Tag Archives: Condi Rice

Condi! Condi! Condi! (Condi?)

Sometime in mid-August Mitt Romney will announce his vice-presidential choice.  Because it is a decision that will garner more than a little publicity, it is one of few planned campaign events, along with his convention speech and perhaps the first debate, that provides the potential to swing a few of the undecideds into his camp.  The smart money right now is on Ohio Senator Rob Portman, followed by former Minnesota Governor Tim Pawlenty, with Louisiana Governor Bobby Jindal and Florida Senator Marco Rubio rounding out the top tier. The fiscal conservatives in the Republican base, meanwhile, are pushing for Representative Paul Ryan.  New Hampshire Senator Kelly Ayotte’s name has also surfaced recently, as has New Mexico’s Governor Susana Martinez, fueled in party by Ann Romney’s statement that a woman was in the running.

Look, I understand the logic for choosing any of these individuals. Portman makes the most sense, of course – executive experience, knows Washington, DC and particularly budget politics and, of course, represents Ohio, which is perhaps the most important swing state in the election. Pawlenty has strong support among evangelicals and has already been vetted by virtue of nearly being named McCain’s running mate in 2008.  Rubio has ethnic appeal in another important swing state.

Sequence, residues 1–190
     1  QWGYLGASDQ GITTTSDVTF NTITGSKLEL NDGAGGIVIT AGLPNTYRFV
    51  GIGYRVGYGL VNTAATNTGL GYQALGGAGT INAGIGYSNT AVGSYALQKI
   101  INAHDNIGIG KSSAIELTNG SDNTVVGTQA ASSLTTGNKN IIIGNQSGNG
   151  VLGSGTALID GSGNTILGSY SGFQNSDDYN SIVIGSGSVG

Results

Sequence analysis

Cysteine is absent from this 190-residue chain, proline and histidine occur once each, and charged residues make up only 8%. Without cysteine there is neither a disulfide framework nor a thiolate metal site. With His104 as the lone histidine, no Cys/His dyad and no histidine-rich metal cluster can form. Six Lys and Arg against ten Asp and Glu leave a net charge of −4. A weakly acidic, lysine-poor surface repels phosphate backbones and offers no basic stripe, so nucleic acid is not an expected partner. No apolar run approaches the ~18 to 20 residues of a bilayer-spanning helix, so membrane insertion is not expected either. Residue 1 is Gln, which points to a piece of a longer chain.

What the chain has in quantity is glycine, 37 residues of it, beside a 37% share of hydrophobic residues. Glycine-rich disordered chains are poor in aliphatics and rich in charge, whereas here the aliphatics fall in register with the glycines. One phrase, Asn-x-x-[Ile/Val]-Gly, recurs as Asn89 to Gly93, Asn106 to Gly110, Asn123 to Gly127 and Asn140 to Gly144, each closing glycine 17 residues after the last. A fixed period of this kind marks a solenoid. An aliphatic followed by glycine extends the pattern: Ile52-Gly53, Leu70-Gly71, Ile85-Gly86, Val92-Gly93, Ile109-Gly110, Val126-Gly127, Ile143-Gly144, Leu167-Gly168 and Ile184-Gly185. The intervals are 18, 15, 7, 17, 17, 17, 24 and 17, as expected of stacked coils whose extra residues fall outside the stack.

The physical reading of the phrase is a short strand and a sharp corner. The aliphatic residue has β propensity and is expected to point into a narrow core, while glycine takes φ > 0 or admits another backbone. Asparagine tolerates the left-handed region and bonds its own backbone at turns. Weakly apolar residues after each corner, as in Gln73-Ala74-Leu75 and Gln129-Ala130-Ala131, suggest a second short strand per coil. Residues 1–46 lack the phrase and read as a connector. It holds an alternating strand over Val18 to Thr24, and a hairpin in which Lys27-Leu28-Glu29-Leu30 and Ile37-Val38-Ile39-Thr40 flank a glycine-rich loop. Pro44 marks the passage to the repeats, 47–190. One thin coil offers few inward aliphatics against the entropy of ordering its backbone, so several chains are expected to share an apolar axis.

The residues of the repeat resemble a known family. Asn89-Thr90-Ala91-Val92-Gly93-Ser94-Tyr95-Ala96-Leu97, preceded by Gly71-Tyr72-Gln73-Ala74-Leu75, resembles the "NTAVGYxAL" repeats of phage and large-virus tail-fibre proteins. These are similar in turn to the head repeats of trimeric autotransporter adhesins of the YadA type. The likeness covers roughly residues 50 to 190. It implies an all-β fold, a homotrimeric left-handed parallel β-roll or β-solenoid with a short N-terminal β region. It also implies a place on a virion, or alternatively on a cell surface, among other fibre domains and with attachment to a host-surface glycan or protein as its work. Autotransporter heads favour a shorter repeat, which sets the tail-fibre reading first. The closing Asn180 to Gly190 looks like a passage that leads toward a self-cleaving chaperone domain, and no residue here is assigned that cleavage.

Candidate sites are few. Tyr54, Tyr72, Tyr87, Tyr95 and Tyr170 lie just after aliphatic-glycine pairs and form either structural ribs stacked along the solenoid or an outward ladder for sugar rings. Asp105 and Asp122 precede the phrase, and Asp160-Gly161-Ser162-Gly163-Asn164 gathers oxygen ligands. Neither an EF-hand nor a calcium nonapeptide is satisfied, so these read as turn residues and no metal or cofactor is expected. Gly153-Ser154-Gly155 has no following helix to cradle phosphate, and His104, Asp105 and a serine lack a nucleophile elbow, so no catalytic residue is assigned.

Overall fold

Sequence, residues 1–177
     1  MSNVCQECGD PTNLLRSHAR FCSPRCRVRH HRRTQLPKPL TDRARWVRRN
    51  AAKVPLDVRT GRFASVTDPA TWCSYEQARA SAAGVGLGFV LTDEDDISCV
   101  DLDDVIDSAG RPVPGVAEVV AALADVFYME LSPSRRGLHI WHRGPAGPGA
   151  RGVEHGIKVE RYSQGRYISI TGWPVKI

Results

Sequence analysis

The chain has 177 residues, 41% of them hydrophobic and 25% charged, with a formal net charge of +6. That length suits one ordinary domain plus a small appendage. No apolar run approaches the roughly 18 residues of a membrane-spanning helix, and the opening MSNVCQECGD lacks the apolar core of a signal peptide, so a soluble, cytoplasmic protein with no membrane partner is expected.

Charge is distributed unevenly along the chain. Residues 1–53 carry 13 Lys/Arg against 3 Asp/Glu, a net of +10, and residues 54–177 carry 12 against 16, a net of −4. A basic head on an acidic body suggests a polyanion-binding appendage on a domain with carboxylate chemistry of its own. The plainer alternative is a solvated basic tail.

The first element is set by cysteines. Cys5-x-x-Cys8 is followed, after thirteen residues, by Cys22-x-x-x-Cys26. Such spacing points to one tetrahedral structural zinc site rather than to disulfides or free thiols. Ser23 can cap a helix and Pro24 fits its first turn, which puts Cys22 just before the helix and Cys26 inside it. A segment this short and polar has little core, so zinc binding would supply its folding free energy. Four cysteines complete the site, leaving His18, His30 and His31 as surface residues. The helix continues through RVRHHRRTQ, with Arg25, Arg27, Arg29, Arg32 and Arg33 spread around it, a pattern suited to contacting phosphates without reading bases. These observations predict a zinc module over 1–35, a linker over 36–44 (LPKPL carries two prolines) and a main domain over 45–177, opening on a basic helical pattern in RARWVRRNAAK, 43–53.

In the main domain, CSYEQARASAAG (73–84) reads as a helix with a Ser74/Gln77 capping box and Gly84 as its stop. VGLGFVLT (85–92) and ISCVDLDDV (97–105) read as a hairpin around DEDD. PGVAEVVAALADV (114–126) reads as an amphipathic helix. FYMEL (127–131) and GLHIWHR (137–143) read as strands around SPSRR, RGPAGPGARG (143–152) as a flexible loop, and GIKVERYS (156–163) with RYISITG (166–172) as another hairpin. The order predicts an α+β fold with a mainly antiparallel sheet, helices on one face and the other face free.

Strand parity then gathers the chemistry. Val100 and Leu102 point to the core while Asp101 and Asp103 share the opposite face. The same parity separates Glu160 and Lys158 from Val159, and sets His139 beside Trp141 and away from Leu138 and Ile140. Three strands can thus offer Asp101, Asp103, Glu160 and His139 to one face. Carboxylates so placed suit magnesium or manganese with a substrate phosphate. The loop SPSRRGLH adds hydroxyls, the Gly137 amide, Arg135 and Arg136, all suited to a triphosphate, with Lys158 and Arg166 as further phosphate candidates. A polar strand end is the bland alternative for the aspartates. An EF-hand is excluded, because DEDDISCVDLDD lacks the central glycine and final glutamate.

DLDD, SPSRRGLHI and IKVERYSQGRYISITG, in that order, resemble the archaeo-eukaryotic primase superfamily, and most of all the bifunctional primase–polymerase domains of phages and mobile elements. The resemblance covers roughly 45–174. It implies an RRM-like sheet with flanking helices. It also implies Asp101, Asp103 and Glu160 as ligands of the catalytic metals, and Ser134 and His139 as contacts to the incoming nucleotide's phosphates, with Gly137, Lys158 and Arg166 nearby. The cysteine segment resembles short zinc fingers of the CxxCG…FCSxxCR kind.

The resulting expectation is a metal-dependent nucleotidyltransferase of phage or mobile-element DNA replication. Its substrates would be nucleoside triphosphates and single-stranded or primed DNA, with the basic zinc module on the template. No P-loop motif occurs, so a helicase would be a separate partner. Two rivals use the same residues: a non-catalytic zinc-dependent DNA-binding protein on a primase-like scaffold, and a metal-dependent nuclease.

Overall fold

But really – do these names excite you?  I mean Tim Pawlenty?  There’s a reason Michelle Bachman crushed him in the Ames Straw poll! If we assume that by virtue of the economic fundamentals that President Obama’s natural support tops out at about 48% of the popular vote right now, this election is up for the taking – assuming the Mittster can win over a good chunk of those who are willing to vote for change, but need to be convinced that he’s the guy who can bring it.  What better way than by rejecting conventional wisdom in choosing your running mate?

Mitt should think big – and choose Condi Rice. Wait – before you label me “Matt Drudge”, hear me out. Yes, I know her view on abortion doesn’t comport with Mitt’s most recent one.  But the bottom line is: which candidate is most likely to swing those undecideds into Mitt’s column?  I say it’s Condi.  As evidence, consider these recent PPP polls in Pennsylvania and Michigan.  (These are automated polls conducted by telephone.)  In both states, PPP has Obama leading by comfortable margins; in Michigan, he leads Romney by 14 points, 53-39 (margin of error +/-4.1%), and in Pennsylvania by 6 points, 49-43 (m.o.e. +/-3.6%).  These results are almost unchanged from those in PPP polling a month ago.

A sizeable gender gap is a big reason for Obama’s lead in both states; women support him over Romney 59%-33% in Michigan and 54%-37% in Pennsylvania. But what happens if you put Condi on the ticket?  According to PPP, which polled a number of different VP possibilities in both states, Rice would boost Romney by 6 points in Michigan and in Pennsylvania.  That would move Mitt into a tie in the Keystone state and at least make Michigan more competitive.